For Immediate Release: November 7, 2019

SMUD patrolling power lines by air

Helicopter and airplane flights use high-tech imaging to identify fire threats and enhance reliability.

SMUD contractors will be flying over power lines in Sacramento and El Dorado Counties using helicopter and fixed-wing aircraft to identify trees and brush that encroach, or may potentially encroach, SMUD’s infrastructure. The flights were conducted over the remaining days of October and the beginning of November. 

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SMUD performs aerial inspections via airplane and helicopter flights one or more times annually. Safety is SMUD’s guiding principle and power reliability is a core value set by the elected SMUD Board of Directors. To meet these standards, SMUD conducts extensive and routine inspections of its electrical lines and equipment. In addition to aerial patrols, these inspections are done at the ground level as well.

SMUD used a fixed-wing airplane to patrol SMUD infrastructure in eastern and southeastern Sacramento County. SMUD is using a helicopter to patrol SMUD’s transmission line corridors in Sacramento and El Dorado Counties.

In this aerial patrolling effort, SMUD is conducting remote sensing acquisition using lasers and high-resolution photography to identify encroachments and keep trees away from power lines and poles. By coupling what’s called Light Detection and Ranging (LiDAR) technology with what’s known as orthoimagery, SMUD identifies trees proven to be historically associated with causing power outages and strategically pinpoints trees using sophisticated data analysis.

This digital technology identifies vegetative growth and even dead and dying trees that pose a threat to public safety and power system reliability. The inspections are valuable not only from a preventive maintenance perspective, but also from the perspective of tree and brush management, ensuring vegetation isn’t encroaching on SMUD’s lines, which could cause electrical faults and outages.

LiDAR is an aerial surveying method used to make high-resolution maps. It measures distance to a target by illuminating it with an FAA-approved pulsed laser light and measuring the reflected pulse—like SONAR but with light instead of sound— producing digital 3D pictures of the target. For SMUD, the collected LiDAR data, which is engineering grade, is processed using computer analytics to develop a 3D model of trees near SMUD’s towers, poles, lines and other assets as well as associated geographic features.

These flights are being conducted to execute work associated with SMUD’s remote sensing contractor Quantum Spatial and are conducted at an airplane altitude of about 3,600 feet and a helicopter altitude of about 500 feet.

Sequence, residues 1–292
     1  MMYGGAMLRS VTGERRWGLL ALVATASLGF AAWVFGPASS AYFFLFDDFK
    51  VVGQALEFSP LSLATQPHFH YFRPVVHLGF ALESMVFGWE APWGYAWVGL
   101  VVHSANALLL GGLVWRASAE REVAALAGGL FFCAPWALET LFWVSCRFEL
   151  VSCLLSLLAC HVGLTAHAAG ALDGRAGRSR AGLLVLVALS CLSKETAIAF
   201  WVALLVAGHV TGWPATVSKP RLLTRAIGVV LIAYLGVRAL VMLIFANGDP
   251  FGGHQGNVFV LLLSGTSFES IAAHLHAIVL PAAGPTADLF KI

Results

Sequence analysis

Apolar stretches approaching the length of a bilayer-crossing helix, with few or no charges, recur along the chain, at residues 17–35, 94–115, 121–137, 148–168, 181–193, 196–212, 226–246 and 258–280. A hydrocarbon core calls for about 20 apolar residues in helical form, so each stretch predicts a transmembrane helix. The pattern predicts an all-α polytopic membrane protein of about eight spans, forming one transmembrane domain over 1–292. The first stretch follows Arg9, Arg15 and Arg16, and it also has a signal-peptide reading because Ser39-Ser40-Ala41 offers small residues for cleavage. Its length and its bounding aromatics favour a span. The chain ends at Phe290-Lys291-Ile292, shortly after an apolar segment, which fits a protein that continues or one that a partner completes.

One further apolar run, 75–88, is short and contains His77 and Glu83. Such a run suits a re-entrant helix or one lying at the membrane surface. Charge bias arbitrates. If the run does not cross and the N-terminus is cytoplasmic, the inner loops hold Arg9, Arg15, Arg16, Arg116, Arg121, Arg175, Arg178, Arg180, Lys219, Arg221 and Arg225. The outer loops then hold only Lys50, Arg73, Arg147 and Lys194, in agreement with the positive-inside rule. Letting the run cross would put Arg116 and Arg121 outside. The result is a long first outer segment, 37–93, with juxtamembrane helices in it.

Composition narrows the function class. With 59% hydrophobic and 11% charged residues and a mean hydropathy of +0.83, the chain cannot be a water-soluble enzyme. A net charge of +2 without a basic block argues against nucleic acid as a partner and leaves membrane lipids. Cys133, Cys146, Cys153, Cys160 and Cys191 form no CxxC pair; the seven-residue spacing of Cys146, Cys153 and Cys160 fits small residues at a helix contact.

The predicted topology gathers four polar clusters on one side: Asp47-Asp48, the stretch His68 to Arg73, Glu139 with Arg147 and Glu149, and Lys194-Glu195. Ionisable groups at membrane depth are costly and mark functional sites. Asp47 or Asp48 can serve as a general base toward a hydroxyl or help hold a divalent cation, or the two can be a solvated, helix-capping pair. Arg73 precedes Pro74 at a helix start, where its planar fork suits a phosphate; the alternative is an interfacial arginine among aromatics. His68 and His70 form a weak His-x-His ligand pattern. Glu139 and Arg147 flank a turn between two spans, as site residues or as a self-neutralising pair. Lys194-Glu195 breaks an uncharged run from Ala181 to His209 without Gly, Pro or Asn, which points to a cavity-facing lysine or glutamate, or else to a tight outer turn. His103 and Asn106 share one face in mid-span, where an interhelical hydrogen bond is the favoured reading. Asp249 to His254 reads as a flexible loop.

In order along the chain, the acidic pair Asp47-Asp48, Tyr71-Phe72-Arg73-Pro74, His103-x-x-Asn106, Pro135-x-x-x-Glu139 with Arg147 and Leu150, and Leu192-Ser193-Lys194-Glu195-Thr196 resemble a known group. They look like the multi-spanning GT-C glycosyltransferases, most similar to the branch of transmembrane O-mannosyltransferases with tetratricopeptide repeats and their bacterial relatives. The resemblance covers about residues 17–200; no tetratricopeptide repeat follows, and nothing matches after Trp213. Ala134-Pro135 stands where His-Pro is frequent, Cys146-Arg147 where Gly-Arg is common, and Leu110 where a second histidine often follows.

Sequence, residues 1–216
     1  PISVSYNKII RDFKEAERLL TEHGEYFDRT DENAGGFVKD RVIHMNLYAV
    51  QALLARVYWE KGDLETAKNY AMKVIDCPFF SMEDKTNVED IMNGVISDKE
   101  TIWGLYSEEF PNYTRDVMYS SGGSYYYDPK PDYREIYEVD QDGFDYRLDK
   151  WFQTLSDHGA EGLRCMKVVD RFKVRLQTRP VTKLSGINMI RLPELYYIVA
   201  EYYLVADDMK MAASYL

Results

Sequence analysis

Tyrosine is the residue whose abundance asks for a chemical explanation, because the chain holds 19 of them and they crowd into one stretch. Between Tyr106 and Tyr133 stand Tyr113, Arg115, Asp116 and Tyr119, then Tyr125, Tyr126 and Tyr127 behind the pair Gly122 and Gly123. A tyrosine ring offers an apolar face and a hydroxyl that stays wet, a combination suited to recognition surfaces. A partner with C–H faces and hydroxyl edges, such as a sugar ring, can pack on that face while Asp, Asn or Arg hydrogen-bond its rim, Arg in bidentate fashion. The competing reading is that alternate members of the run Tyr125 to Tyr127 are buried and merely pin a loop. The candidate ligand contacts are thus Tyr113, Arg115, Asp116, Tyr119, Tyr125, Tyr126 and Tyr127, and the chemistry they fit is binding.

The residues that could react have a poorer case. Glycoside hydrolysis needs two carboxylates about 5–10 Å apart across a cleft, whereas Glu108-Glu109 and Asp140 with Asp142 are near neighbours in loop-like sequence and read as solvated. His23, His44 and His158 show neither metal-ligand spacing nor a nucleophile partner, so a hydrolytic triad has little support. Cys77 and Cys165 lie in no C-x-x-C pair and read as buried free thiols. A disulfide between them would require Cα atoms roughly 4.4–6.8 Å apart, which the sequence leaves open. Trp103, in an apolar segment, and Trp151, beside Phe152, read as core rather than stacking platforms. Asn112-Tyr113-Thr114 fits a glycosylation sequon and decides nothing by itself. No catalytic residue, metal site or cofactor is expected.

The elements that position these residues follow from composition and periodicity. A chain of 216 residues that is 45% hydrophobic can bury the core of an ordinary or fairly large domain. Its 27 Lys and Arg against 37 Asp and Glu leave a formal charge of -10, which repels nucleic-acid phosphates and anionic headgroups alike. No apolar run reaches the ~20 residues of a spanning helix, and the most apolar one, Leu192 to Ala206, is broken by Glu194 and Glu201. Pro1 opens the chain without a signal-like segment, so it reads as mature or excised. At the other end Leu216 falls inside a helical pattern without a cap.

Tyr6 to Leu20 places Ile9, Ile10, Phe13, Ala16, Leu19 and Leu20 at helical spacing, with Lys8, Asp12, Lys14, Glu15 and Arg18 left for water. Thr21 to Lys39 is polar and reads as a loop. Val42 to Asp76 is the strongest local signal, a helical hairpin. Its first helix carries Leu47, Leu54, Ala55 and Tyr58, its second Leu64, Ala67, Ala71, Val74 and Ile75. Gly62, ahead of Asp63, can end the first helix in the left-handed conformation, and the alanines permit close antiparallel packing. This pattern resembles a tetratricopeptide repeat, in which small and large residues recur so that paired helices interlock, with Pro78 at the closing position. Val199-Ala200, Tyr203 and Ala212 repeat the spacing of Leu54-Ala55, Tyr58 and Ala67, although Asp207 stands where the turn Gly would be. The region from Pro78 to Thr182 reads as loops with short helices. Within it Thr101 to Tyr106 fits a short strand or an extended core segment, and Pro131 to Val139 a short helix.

SMUD carries out communication efforts to advise and notify residential and commercial customers located near SMUD facilities where equipment inspection is scheduled.

SMUD works diligently year-round to prune and remove trees and other vegetative growth within its easements and adjacent to its lines to reduce potential conflicts. SMUD works on about 70,000 trees near power lines each year. Every area in the SMUD service territory with overhead lines on poles is assessed at least every 36 months. Some trees grow faster than expected, so SMUD uses technology and historical data to address these types of situations. Any identified situation that can potentially cause an outage or safety issue is prioritized and addressed to ensure public safety and reliability.

SMUD’s comprehensive approach to vegetation management using industry best practices has delivered life- and property-saving results, helping firefighters control the King Fire in 2014, which impacted SMUD’s transmission lines near Camino. A key turning point in the battle to control the wildfire came as SMUD’s already-managed transmission line rights-of-way provided critical fire breaks for firefighters to stop the fire’s spread. CAL FIRE officials publicly acknowledged SMUD’s vegetation management programs as critical factors in protecting the foothill communities of Camino, Pollock Pines and Apple Hill from the catastrophic King Fire.

For more information about SMUD and its vegetation management programs, visit


Image of SMUD patrolling power lines by air Image of SMUD patrolling power lines by air
SMUD is using sophisticated digital technology to gather images and data about trees and other vegetation under and near its power lines. LiDAR technology and orthoimagery equipment mounted under the helicopter enables SMUD to identify potential fire threats and enhance its system reliability.